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  1. Evaluation Summary:

    Single-cell RNA sequencing allows us to quantify variability of gene expression patterns within a population, and thus devise patterns with prognostic, diagnostic and predictive potential, called "gene expression signatures". Here, Noureen and collaborators benchmark four methods used for identifying these gene expression signatures, and evaluate their performance at overcoming a number of analytical challenges. They conclude that caution should be exercised when using bulk sample-based methods in single-cell data analyses, and cellular contexts should be taken into consideration. With strengthening of some statistical and methodological aspects to support the validity of the conclusions, this paper will be an informative and potentially valuable addition to the literature.

    (This preprint has been reviewed by eLife. We include the public reviews from the reviewers here; the authors also receive private feedback with suggested changes to the manuscript. Reviewer #3 agreed to share their name with the authors.)

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  2. Reviewer #1 (Public Review):

    In this study the authors attempted to benchmark different methods for gene signature enrichment methods in single-cell RNA-seq data. They compared 2 single-cell based methods (AUCell, SCSE), their own developed method (JASMINE) and a popular method used in bulk RNA-seq studies (ssGSEA). For the benchmarking they collected 10 studies of scRNA-seq data from tumors, and performed several statistical analysis. In all the analyses ssGSEA performed worse by having lower specificity.

    In this reviewer opinion, this is an important and understudied subject. In many scRNA-seq studies there is use of gene signatures to make a point, but to my knowledge there haven't been any deep-dive assessment of the performance of the methodologies used. Specifically, many studies use ssGSEA, but there haven't been any assessment of its reliability in single cell studies. As the authors note, gene dropouts in scRNA-seq may have major effect on reliability of this method.

    My problem with this study is that the benchmarking is focused only on comparison of statistical measurements, but in my opinion, this is problematic here. The aim of an enrichment method is to identify biological relevant pathways. There is no analysis here that looks at the relevance of the significant signatures.

    Here is an example of the main weakness - the main analysis performed by the authors was identifying gene sets that significantly distinguish between cancer cells and the rest of the cells in the tumor. This a problematic comparison, since the cancer cells are epithelial cells (in most of the studies used) and the "normal" cells are stromal cells, mostly immune. Those are not comparable "normal" cells, and therefore it is expected that all immune-related pathways will be significant. The authors find much more down-regulated gene sets in ssGSEA compared to the other methods, but why are they wrong? If they are all immune related, I would actually conclude that ssGSEA is better than the other methods.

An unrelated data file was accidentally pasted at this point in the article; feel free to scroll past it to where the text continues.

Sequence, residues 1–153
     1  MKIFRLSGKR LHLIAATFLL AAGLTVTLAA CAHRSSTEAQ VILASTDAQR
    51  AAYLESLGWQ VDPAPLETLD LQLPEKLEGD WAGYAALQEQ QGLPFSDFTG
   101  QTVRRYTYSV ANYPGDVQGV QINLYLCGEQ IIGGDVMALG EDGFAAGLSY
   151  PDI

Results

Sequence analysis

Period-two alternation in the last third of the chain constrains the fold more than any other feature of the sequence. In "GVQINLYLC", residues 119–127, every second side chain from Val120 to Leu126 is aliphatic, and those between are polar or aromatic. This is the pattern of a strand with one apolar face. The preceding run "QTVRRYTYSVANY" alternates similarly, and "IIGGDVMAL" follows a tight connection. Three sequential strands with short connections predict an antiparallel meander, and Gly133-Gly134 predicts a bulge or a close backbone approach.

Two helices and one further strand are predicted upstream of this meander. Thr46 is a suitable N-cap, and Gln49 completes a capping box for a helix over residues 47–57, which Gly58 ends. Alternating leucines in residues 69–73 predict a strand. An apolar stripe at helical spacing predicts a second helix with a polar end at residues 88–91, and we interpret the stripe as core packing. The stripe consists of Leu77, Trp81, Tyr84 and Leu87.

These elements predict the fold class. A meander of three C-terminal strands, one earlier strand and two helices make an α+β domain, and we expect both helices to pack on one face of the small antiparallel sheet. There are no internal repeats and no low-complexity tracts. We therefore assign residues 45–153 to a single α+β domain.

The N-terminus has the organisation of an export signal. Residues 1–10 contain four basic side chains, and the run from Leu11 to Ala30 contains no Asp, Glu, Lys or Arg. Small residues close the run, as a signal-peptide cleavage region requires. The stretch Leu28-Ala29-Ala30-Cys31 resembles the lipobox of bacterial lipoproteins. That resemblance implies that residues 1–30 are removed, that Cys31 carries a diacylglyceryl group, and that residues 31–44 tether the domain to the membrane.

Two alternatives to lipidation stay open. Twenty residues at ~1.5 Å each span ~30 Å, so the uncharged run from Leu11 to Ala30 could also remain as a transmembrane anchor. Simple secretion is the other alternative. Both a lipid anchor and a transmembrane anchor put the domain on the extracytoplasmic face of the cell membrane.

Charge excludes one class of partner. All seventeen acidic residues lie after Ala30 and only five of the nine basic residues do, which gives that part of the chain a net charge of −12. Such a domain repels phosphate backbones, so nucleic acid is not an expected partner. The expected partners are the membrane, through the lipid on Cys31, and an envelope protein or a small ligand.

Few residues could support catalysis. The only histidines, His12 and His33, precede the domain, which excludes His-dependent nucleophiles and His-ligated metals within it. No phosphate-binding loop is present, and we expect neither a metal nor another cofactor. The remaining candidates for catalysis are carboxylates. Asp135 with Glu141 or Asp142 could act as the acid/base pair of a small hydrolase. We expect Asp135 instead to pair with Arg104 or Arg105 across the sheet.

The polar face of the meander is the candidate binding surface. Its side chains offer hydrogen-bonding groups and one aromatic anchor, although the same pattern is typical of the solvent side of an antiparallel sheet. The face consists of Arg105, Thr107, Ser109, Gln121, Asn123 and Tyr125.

Another weakness in this study is that the authors relate to the methods as if they are black boxes. If the main results of this study is that bulk gene expression methods (only one method is assessed, so I don't understand the title) cannot be used in single-cell data, I would expect to learn from the study what in the methodology makes it problematic.

    The bottom line is that the only conclusion I can deduce from this study is that ssGSEA provides different results from newer single-cell specific methods.

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  3. Reviewer #2 (Public Review):

    Noureen et al. benchmark four methods for quantifying the activity of gene expression signatures in single cell data, including one they developed, called JASMINE. They point to an imbalance in the number of expressed genes between tumor and normal cells, which they claim leads to a bias in performance of such methods.

    The authors emphasize an important message -- considering cellular context when analyzing differentially expressed genes and gene signatures. Another strength is that the datasets on which these methods were evaluated is relatively large. However, they evaluate only four signature-scoring methods - a major weakness of the study. The new method they propose includes formulations which lead to unintended mathematical behavior and hamper interpretation.

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  4. Reviewer #3 (Public Review):

    In this manuscript, Noureen et al. benchmarked four methods for the gene expression signature analysis for single-cell RNA sequencing data. They showed that cancer cells consistently expressing more genes than normal cells is the major factor to cause the bias. They also developed a method, JASMINE, and benchmarked this method with other methods. They finally suggest that cellular contexts should be taken into consideration for single-cell data analysis.

    The topic of the study is important, considering a large amount of single-cell data released recently. The manuscript is well-organized and well-written. The strength is that the manuscript provides clear guidance for future benchmarking of the single-cell data analysis.

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